Four short links: 8 January 2010

Healthcare Data, GNU Econometrics Library, Visualizing Changes, View Source Under Attack

  1. Testing, Testing — at the end of an interesting article on health care reform comes this: The poverty of our health-care information is an embarrassment. At the end of each month, we have county-by-county data on unemployment, and we have prompt and detailed data on the price of goods and commodities; we can use these indicators to guide our economic policies. But try to look up information on your community’s medical costs and utilization—or simply try to find out how many people died from heart attacks or pneumonia or surgical complications—and you will discover that the most recent data are at least three years old, if they exist at all, and aren’t broken down to a county level that communities can learn from. It’s like driving a car with a speedometer that tells you only how fast all cars were driving, on average, three years ago.. (via auchmill on Twitter)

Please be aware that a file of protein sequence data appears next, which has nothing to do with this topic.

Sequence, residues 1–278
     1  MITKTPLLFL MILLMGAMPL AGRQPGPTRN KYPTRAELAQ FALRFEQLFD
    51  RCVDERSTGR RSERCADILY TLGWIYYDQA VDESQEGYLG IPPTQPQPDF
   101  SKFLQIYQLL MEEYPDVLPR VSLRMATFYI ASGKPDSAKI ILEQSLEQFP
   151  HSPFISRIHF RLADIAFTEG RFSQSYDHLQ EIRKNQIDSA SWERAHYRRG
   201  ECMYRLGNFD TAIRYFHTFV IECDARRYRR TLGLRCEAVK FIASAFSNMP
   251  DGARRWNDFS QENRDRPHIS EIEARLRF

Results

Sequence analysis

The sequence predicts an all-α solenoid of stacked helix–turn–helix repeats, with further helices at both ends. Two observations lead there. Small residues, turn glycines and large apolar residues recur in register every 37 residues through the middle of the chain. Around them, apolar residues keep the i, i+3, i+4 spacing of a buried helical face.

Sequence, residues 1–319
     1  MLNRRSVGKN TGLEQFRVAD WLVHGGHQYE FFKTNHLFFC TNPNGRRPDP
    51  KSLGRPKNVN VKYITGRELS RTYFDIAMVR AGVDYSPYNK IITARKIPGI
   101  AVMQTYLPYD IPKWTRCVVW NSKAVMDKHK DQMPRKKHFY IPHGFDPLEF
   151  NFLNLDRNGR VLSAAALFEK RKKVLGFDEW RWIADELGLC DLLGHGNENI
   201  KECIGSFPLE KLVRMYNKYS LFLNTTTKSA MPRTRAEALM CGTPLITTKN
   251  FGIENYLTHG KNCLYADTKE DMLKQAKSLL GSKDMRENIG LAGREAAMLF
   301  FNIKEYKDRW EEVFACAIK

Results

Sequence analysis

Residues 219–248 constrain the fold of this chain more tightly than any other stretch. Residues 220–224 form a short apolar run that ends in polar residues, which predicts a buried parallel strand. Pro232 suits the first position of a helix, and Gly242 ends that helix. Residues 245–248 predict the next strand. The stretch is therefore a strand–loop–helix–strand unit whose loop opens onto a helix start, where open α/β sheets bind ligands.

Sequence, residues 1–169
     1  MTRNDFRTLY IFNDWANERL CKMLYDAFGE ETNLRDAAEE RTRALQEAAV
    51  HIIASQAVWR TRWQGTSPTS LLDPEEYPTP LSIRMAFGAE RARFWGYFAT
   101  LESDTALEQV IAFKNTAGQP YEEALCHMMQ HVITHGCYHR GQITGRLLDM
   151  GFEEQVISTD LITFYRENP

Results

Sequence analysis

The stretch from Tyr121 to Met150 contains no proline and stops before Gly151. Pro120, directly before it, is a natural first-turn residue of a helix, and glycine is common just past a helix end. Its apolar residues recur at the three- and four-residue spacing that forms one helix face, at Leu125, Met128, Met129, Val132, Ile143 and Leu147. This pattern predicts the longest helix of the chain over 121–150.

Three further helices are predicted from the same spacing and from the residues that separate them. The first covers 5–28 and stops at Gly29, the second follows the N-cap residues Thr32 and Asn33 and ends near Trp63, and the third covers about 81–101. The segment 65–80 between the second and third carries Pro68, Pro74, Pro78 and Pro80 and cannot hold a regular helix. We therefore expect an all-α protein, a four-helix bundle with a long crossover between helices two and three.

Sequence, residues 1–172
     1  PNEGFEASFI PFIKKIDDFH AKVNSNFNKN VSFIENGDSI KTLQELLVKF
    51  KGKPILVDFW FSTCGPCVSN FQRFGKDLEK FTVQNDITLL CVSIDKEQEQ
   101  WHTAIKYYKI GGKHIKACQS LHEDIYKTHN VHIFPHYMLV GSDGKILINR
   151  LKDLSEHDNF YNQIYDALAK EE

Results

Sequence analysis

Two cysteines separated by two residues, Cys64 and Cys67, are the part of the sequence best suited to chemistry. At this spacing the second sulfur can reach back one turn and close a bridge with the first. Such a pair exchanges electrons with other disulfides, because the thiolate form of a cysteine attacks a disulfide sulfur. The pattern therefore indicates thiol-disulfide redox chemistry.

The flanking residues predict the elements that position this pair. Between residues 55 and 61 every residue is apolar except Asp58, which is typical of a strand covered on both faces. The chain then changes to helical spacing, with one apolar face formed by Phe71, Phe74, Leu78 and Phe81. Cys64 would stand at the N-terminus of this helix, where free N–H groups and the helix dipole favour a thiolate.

2. Gretl: The GNU Regression, Econometrics, and Time-Series Library — GPLed cross-platform software package for econometric analysis, written in the C programming language. (via Hacker News)
  3. 11 Ways to Visualize Changes Over Time (Flowing Data) — just what it says. (via mattb on Delicious)
  4. View Source is Good? Discuss (Alex Russell) — fantastic post, mandatory reading. View-source was necessary (but not sufficient) to make HTML the dominant application platform of our times. I also hold that it is under attack — not least of all from within — and that losing view-source poses a significant danger to the overall health of the web.
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